Honor suffrage anniversary
On Aug. 26, 1920, the amendment guaranteeing the right to vote for women officially became part of the US Constitution. The anniversary of this historic achievement is both an opportunity to celebrate the progress women have made so far and to focus on what we still have to do to achieve equity, particularly among low-income women, women of color, and transgender women who face the greatest barriers.
For example, more women than ever are working outside the home, heading households and leading in the workplace. Yet, outdated workplace policies allow discrimination to continue against women and their families. Corporations are padding profits at the expense of workers by refusing to provide paid leave, forcing women to choose between work and family. Women are not only child-bearers, they are the primary navigator of health care and primary caretakers of the whole family. About 20 percent of all women in the U.S. have or will provide at least part time care to an elderly or disabled relative, family member or friend – and many will do so by sacrificing their own earning potential or retiring early.
It’s time to update work standards and stop discrimination that punishes women for pregnancy, parenting and fulfilling family responsibilities. Policies like earned sick time, paid family leave and more flexible work schedules will enable women to work and take care of their families at the same time.
Women, particularly women of color, face unfair pay at almost every level of the new economy, whether in low-wage industries and "tipped" jobs, or in higher-paying white collar jobs where they are paid less for the same work. Full-time female workers still earn only about 78 percent of what their male counterparts earn, and the gender pay gap is even bigger for African-American women, who earn only about 64 cents, and Latinas, who earn 54 cents for every dollar earned by white men.
New Hampshire should be proud of strengthening its laws around equal pay for equal work in the last legislative session to provide workers with greater ability to uncover and address unequal pay – a bipartisan effort that Congress and the current field of presidential candidates would do well to follow. Now we also need to increase the minimum wage and eliminate the sub-minimum wage for tipped workers so that all workers earn one fair wage to support their families. As one of the 10 states where women make up more than 70 percent of the low-wage workforce, increasing the minimum wage will significantly increase economic security for New Hampshire women and their families.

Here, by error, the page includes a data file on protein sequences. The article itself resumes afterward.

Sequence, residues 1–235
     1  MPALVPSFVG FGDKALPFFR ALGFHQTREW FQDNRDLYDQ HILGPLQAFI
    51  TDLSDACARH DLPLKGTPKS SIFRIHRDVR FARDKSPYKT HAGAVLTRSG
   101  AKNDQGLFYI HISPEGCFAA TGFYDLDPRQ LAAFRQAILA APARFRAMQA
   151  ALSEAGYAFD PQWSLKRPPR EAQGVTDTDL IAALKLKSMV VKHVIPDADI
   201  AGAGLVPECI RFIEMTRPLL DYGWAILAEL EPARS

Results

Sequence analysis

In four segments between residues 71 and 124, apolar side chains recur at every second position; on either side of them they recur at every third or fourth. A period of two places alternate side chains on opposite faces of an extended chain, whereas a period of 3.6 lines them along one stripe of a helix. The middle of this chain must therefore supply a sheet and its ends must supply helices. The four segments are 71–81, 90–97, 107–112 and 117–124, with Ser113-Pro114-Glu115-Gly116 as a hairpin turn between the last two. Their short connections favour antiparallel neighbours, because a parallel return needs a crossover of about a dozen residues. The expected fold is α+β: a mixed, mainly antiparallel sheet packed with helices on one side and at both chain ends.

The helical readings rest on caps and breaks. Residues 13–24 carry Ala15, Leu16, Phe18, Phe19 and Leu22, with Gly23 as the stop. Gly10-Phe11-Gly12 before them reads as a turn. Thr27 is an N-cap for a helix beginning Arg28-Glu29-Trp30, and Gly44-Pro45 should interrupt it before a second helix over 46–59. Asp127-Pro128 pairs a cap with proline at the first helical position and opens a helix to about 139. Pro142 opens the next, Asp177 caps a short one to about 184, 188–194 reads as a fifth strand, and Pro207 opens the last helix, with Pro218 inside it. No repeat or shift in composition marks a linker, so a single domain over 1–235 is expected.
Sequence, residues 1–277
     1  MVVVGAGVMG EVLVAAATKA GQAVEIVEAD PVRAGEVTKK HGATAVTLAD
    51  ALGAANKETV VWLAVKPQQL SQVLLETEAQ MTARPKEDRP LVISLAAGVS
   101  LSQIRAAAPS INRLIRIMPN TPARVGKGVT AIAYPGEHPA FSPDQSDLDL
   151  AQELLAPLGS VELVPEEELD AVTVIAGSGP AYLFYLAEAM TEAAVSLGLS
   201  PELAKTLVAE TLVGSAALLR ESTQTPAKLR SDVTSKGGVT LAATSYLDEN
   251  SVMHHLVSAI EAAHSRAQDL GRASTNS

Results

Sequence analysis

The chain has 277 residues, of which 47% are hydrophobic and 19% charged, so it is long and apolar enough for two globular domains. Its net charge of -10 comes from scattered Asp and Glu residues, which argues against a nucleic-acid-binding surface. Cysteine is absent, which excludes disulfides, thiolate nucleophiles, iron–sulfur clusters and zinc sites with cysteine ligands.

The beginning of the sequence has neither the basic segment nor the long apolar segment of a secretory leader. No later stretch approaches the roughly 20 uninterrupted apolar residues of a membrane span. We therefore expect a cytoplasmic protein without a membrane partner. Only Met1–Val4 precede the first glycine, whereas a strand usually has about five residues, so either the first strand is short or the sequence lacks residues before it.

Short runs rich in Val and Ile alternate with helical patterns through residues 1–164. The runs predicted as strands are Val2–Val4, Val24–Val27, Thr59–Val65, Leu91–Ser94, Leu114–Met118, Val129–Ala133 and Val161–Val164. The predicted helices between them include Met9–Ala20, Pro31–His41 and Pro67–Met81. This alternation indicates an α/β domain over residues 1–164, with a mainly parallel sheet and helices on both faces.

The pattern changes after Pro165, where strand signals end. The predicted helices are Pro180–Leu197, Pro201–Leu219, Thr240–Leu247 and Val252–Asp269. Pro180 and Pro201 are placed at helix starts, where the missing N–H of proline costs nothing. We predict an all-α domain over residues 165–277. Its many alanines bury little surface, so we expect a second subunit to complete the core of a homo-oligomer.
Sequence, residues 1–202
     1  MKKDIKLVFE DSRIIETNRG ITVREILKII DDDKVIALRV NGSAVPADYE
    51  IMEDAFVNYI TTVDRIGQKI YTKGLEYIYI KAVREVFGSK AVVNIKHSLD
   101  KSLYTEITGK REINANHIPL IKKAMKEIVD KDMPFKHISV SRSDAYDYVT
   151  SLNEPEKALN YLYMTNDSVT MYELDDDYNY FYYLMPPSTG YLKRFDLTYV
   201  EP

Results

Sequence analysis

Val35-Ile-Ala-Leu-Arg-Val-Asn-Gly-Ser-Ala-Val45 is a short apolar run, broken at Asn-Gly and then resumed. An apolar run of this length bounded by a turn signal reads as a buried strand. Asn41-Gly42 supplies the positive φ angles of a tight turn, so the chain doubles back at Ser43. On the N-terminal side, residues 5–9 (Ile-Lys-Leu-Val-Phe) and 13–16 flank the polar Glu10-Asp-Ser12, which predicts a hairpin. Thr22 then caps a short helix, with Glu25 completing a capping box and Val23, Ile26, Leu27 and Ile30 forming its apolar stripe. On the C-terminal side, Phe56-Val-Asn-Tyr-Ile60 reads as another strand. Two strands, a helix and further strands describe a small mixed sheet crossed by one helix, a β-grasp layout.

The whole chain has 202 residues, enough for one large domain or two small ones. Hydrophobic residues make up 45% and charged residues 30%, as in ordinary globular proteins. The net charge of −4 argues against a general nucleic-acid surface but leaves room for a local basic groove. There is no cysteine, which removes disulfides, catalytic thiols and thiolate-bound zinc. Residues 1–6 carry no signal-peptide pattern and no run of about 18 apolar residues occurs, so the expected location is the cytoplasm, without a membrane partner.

Any discussion over women’s equality would be incomplete without acknowledging that more than 84 percent of women have a child by the time they are in their 40s. Having children has huge personal, health, and economic impacts on women and families, so women’s equality must include ensuring access to affordable health care, including no cost birth control, pregnancy and maternity care, and abortion, without interference from politicians or employers.
In New Hampshire, as well as elsewhere, we are sadly accustomed to attacks on women’s health. We need to continue to challenge these extreme policies and the politicians who promote them, while at the same time implementing proactive policies to expand access to women’s health care.
We also need to invest in more opportunities for women to enter, stay and flourish in the workforce. There are more women graduating from college today than men; the fastest growing industries employ mainly women; and women are increasingly leading households as single parents. Investments in affordable childcare, education, job training, and retirement security will enable women to participate fully in the economy.
Next week, the legislative bill filing begins for the New Hampshire House, followed by the Senate in October. Instead of limiting reproductive rights and protecting outdated workplace policies that discriminate against women, let’s really honor Women’s Equality Day by coming together across party lines to guarantee full and fair opportunities for women to succeed and take care of their families in New Hampshire.
Kary Jencks is executive director of the New Hampshire Citizens Alliance; Zandra Rice- Hawkins is executive director of the Granite State Progress & Education Fund.